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Philippe Lefebvre (organist)

From Wikipedia, the free encyclopedia

Philippe André Lefebvre (born 2 January 1949) is a French classical organist. He is one of three titular organists at Notre-Dame de Paris and has served as such since 1985.



Born in Roubaix, Lefebvre first studied philosophy. He took a few lessons from Pierre Cochereau and following his advice, he went to study at the Conservatoire de Lille with Jeanne Joulain, then at the Conservatoire de Paris where he obtained first prizes in organ, improvisation, fugue and counterpoint.

He began by being organist at Marcq-en-Barœul, then was appointed to the Cathedral of Notre-Dame-et-Saint-Vaast d'Arras in November 1968.

He then won the Prix de la Fondation Marcel Bleustein-Blanchet and in 1971, the First Prize for improvisation at the Lyon International Competition, when he had Rolande Falcinelli as his master.

In 1973, he won the grand prix d'improvisation du concours international de Chartres [fr] and then became titular organist of the Chartres Cathedral.

He is a guest at major festivals, as a soloist or with orchestra. He regularly gives concerts and master classes in Europe, the United States, Japan, Russia and Eastern Europe.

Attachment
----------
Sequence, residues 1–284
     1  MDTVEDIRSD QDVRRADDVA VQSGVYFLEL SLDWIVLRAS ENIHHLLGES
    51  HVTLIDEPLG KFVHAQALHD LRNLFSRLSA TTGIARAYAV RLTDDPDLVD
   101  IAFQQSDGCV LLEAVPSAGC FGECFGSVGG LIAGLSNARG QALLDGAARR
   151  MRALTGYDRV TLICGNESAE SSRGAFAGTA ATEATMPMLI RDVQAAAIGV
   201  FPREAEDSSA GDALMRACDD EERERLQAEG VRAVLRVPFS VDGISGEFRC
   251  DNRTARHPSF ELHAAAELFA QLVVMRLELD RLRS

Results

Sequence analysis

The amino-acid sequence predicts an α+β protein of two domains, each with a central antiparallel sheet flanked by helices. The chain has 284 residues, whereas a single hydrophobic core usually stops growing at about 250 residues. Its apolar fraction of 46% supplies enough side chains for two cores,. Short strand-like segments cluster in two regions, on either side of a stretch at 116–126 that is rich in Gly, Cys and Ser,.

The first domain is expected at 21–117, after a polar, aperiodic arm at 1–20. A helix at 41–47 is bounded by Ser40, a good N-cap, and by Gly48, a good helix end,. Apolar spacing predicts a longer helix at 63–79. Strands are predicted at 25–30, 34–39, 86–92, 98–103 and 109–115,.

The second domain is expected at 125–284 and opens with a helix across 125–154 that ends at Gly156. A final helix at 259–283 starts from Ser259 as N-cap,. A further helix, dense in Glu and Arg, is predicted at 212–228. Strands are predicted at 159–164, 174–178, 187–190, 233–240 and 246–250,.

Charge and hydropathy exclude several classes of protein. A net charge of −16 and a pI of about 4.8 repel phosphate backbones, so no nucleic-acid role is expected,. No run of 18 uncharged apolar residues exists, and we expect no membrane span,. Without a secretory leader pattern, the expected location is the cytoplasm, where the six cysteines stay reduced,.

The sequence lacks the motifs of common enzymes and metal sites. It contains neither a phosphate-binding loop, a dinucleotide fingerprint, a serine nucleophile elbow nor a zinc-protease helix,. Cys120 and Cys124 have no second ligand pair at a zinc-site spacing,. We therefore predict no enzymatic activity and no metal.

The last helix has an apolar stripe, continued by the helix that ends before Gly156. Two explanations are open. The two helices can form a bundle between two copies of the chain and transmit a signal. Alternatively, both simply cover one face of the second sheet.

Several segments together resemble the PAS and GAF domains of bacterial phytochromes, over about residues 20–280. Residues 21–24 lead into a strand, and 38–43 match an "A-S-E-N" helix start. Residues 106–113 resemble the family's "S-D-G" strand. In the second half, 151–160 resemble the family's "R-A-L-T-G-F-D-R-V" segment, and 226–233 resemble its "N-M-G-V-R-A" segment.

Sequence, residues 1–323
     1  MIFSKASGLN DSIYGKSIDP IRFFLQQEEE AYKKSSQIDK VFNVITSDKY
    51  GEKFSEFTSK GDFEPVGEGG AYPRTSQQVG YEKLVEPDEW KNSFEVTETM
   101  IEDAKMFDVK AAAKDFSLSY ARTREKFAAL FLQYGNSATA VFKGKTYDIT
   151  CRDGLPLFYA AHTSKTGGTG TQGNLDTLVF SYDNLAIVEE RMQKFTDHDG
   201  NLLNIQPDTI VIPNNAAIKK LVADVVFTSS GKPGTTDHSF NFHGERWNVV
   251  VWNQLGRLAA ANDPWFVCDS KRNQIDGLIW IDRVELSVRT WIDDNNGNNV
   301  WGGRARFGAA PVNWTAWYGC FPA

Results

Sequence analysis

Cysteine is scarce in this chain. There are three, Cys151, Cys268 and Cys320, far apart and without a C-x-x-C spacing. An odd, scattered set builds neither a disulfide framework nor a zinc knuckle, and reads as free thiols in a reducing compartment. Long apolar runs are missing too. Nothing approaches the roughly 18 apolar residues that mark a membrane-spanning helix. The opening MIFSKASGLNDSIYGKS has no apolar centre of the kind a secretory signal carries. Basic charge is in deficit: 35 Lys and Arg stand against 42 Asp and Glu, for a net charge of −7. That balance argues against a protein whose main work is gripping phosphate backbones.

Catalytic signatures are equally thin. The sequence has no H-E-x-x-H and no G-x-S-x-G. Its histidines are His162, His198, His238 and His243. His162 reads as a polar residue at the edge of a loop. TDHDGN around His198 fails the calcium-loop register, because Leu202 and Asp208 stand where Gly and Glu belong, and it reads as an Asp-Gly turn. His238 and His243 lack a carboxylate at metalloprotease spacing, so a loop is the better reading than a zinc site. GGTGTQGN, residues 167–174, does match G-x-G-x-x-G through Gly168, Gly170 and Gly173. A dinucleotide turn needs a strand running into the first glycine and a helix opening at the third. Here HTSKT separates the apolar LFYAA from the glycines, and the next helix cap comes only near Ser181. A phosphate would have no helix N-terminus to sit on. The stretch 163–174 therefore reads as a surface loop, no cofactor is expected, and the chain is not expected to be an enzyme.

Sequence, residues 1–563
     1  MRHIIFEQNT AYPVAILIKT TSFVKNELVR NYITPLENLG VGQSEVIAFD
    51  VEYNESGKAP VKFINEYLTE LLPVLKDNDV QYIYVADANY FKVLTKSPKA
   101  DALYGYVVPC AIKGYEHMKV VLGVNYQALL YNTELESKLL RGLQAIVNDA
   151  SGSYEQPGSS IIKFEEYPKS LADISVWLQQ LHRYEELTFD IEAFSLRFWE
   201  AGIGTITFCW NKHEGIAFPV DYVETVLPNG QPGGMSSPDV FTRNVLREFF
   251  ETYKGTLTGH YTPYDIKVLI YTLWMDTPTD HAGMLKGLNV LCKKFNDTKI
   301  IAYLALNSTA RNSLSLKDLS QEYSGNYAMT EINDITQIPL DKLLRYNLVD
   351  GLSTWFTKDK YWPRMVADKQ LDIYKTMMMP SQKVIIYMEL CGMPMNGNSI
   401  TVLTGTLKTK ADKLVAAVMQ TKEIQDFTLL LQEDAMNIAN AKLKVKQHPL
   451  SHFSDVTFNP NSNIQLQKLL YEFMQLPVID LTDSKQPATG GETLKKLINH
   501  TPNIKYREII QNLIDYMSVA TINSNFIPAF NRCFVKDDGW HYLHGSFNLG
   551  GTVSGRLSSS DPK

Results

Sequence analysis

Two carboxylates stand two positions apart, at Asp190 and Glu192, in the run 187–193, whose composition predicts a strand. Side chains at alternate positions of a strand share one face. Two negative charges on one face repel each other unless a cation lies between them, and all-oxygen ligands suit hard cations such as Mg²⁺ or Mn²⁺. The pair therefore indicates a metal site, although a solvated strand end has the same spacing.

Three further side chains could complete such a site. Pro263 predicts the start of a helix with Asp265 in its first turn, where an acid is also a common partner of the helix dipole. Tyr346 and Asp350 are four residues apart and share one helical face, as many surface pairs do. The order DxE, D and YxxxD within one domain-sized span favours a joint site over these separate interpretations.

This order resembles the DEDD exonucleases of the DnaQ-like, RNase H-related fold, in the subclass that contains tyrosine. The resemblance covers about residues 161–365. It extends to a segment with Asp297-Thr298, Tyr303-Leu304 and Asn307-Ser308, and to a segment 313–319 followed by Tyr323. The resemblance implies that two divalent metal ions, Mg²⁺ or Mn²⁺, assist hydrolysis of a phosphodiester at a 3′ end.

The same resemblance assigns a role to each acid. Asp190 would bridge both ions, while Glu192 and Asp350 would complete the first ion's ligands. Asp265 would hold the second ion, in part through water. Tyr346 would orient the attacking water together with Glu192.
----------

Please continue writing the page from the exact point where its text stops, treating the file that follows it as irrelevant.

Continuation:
In 1985, he was appointed titular organist of the cathedral Notre-Dame de Paris, together with Yves Devernay, Olivier Latry and Jean-Pierre Leguay. He succeeds his master Pierre Cochereau.

A talented interpreter, he is also recognised as one of the greatest improvisers of his time.

Lefebvre was director of the Lille Conservatory from 1979 to 2003, before being appointed director of the Notre-Dame de Paris Cathedral's Children's Choir. From 2002 to 2014, he was professor of improvisation at the Conservatoire de Paris. He is also an improvisation teacher at the Centre d'études supérieures de musique et de danse de Toulouse [fr].

Lefebvre is president of the board of directors of the Association Orgue en France, president of the Association des Grandes Orgues de Chartres, president of the association "Les amis de l'orgue et de la collégiale" in Montreal, organist of the Collégiale de Montréal (Département de l'Aude).[1]

In HD video, Lefebvre explains the functioning of the Organ of Notre Dame de Paris.[2]